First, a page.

Next reduction in newspaper frequency will be with a whimper, not a bang

When word leaked in May 2012 that Advance Communications planned to reduce home delivery frequency of several of its newspapers – including the New Orleans Times-Picayune – from seven to three days, it caused a large, ongoing explosion in the community and the media industry.

Community leaders reacted passionately, following the stages of grief. They bargained with the Newhouse family – first not to follow through on the reduction strategy, then to allow the community to buy the newspaper outright. (Both unsuccessful.) Community leaders then looked to local news partnerships between NPR-affiliate WWNO, NolaVie and the non-profit startup The Lens, promising investments to fill the gap.

The Baton Rouge Advocate, which had recently ceased home delivery in New Orleans but sensing an opportunity, brought it back. The Advocate is now for sale.

And media experts and pundits became guest residents, arriving for town hall meetings on the future of media, the effects on the community, the economics of print vs. digital, the evils of conglomerated ownership, etc.

It’s an explosion that continues to echo.

But Wednesday saw a much larger stake driven through the heart of daily newspaper delivery. The U.S. Postal Service plans to stop delivering mail on Saturdays, beginning in August. That includes delivering newspapers, according to the National Newspaper Association, which represents community newspapers.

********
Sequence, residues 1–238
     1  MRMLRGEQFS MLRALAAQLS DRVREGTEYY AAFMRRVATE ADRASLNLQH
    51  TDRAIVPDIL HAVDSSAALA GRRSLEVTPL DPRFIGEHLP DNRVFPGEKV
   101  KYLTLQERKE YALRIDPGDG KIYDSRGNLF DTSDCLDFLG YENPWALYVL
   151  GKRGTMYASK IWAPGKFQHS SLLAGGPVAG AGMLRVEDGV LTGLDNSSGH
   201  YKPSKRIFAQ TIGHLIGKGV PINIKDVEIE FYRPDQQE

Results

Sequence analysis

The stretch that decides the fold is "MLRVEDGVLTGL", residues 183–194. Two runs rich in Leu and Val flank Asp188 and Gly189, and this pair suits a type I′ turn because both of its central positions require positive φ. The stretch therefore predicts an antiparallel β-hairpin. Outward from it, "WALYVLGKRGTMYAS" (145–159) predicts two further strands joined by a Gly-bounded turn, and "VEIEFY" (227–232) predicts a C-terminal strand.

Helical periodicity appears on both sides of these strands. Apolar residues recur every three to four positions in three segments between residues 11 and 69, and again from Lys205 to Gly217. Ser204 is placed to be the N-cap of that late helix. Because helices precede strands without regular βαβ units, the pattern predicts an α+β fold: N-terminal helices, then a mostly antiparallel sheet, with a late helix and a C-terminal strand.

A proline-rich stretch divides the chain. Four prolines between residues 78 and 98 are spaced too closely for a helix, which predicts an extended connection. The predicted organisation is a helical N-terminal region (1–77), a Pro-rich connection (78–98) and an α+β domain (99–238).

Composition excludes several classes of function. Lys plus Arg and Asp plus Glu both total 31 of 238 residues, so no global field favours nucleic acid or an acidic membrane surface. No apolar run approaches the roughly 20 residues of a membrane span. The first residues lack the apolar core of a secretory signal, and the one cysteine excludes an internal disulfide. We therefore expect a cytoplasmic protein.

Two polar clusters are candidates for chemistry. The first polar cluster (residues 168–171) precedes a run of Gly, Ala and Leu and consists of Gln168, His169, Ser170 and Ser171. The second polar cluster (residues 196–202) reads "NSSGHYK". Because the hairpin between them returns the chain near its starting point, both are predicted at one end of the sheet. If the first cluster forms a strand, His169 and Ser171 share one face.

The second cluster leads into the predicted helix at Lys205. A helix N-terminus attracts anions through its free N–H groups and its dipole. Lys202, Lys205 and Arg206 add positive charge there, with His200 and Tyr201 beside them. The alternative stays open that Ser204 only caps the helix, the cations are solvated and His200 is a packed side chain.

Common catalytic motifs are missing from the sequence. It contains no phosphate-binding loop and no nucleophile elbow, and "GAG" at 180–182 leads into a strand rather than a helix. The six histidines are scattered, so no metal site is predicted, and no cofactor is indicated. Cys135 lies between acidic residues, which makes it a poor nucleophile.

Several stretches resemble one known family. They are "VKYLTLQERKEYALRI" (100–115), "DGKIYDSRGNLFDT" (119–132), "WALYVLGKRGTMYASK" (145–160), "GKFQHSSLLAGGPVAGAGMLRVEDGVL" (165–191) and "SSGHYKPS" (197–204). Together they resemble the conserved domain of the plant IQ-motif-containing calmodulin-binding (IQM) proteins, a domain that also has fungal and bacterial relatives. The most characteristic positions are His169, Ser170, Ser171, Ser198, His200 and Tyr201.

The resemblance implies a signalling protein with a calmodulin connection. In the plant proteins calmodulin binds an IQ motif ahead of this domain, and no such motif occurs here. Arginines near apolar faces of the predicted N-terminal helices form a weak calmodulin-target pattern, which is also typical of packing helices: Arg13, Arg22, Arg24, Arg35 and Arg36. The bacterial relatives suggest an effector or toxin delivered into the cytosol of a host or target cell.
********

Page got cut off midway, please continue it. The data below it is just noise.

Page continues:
The NNA said that 30 percent of its members mail a Saturday paper. Many of its members deliver only six days a week, and Saturday tends to be their largest, ad-filled paper.

Paul Boyle, who manages government relations for the Newspaper Association of America, told Poynter that newspapers need to prepare for the “inevitable. Newspapers and other mailers need to understand that is probably going to occur at some point in time.”

With USPS exiting the Saturday route, magazines, catalogs and mostly small, community newspapers will look into private delivery. But there is a slim chance that will be as affordable as the postal rates the NNA and NAA have successfully lobbied for the industry.

So many will simply cease daily delivery. And they will do it quietly.

Strategic newspapers will look at this as an opportunity to shed other money-losing distribution days. Starting with you, Tuesday.

And because this will happen in Sedalia, MO, and not NOLA, don’t expect the groundswell of grief, bargaining or even punditry.

Daily, printed home delivery of most newspapers is going away. Some would say that Advance made its decision for its newspapers and the USPS is making that decision for the 30 percent of NNA members.

The truth is, with digital ad spend on track to outpace traditional media sooner than expected and with the total number of pieces of mail falling 25 percent since 2006, the marketplace is making that decision. Legacy infrastructure – whether postal or print – is just playing catchup.